2. Make a quick move to surprise a stronger opponent

Make a quick move to surprise a stronger opponent. If you know that your opponent is stronger than you are, make a quick surprise move as soon as the match starts. Curl your palm inward and try to force your opponent’s arm down before they can assert their strength. This may help you overcome their power.

Keep in mind that you might tire yourself out quickly if you aren’t successful.
Have a strategy! In arm wrestling, hand positioning and technique are more important than strength.

3. Let your opponent tire themself out if you feel like you’re losing

Let your opponent tire themself out if you feel like you’re losing. Sometimes the other person is just too strong for you to properly use your technique. If this happens, drop your wrist back to make it harder for them to push your arm down. Then, hold your position until they tire out. When they appear to be struggling, push their arm down.
Pretend like you feel confident that you’re going to win. Your opponent doesn’t know that you feel like you’re losing, and looking confident may get them to give up.

4. Perform a “top roll” once your strong opponent has worn themself out

Perform a “top roll” once your strong opponent has worn themself out. As your opponent tires, pull your hand closer to your body to weaken your opponent’s arm and decrease their leverage. Slide your hand up so the center of your palm grips the top of your opponent’s hand. Then, as you push their hand down to the tabletop, pull the opponent’s wrist back. Their palm should rotate towards the ceiling.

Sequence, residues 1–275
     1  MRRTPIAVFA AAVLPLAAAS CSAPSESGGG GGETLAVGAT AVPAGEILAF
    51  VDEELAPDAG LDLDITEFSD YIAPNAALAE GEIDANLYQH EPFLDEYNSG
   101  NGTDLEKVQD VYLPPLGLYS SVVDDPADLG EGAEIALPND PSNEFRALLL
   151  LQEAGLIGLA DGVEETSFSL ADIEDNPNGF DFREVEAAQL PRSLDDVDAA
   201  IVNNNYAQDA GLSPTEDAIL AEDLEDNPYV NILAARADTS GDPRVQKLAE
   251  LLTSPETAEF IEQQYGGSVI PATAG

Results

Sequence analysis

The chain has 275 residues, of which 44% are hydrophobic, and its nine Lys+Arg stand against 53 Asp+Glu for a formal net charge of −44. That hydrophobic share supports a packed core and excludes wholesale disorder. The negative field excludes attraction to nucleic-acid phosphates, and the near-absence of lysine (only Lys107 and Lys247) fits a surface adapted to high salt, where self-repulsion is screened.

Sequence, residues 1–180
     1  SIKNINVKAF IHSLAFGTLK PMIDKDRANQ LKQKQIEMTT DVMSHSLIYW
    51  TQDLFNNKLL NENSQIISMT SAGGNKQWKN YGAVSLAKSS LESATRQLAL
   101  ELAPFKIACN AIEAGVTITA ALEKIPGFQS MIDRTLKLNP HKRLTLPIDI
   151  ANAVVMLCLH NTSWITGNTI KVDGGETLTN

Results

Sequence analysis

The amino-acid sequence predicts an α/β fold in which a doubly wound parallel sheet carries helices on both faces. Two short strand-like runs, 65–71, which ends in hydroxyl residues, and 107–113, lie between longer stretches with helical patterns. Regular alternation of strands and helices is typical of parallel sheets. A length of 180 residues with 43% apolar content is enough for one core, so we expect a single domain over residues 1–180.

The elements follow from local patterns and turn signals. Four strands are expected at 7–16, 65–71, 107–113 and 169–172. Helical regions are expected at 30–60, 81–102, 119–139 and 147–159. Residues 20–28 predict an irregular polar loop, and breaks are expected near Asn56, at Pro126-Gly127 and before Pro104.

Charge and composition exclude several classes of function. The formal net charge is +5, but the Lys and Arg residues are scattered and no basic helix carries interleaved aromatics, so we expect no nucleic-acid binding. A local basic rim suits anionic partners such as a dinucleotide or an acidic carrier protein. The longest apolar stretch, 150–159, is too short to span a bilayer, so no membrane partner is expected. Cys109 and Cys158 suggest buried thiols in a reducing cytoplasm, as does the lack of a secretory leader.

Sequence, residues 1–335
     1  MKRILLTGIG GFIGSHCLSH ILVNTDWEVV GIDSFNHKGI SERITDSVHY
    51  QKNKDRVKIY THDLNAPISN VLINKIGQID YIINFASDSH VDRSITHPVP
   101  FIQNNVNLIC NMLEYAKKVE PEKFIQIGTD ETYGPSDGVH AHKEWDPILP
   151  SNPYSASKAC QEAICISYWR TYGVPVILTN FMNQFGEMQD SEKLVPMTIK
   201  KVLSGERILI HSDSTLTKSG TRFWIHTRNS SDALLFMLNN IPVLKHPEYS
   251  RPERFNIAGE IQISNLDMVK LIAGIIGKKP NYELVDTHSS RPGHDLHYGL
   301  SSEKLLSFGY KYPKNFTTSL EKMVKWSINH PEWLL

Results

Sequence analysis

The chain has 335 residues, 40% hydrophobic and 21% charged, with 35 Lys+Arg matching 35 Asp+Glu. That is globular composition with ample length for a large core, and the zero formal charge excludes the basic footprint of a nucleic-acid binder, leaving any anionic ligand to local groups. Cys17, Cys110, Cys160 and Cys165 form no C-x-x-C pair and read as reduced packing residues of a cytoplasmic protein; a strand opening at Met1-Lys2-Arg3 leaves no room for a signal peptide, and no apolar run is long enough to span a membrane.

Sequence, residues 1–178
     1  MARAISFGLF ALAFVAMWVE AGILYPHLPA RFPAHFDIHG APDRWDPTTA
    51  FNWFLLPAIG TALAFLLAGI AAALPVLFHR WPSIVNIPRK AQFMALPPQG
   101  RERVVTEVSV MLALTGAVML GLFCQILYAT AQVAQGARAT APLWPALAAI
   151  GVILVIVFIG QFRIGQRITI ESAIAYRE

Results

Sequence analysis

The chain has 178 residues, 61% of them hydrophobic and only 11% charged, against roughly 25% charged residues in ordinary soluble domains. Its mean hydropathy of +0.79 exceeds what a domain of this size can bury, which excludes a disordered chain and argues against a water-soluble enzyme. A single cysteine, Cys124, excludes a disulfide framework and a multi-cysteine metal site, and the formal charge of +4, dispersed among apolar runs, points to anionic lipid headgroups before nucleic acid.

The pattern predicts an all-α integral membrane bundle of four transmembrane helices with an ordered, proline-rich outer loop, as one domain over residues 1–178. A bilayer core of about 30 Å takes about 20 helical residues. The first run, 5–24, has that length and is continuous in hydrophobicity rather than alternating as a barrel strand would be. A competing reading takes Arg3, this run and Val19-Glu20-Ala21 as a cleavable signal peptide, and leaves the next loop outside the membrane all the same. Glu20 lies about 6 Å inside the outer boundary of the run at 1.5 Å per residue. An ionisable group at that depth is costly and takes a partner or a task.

This move is more about leverage than brute strength. Putting pressure on your opponent’s hand will force it open and make it more difficult for them to use their muscles.
When performing a “top roll,” you can also pull your body back to draw out your opponent’s arm even more.

5. Use the “hook” if you and your opponent are matched in strength

Use the “hook” if you and your opponent are matched in strength. To “hook,” curl your wrist inwards. This will extend your opponent’s arm, but will require you to put a lot of bicep power in. Lean in and position your body (especially the shoulder) over your arm and keep your body and arm close together. Drag your opponent towards you as you pull their arm down.

This technique is useful if you’re as strong as your opponent in either forearm strength, bicep strength, or both. You’ll force your opponent’s wrist back to give yourself greater leverage.
Maintain wrist contact throughout the match so that force is delivered through the wrists, rather than the hands.

6. Force your opponent’s hand down to the tabletop to win the match

Force your opponent’s hand down to the tabletop to win the match. To finish your opponent, rotate your body and position your shoulder in the direction you want your arm to go. That way, you’ll be able to apply your shoulder strength and body weight to your opponent’s hand. Keep pulling and force their hand down to the table!
So, if you’re wrestling right-handed, lean your right shoulder in towards your opponent. Or, if you’re left handed, lean your left shoulder in.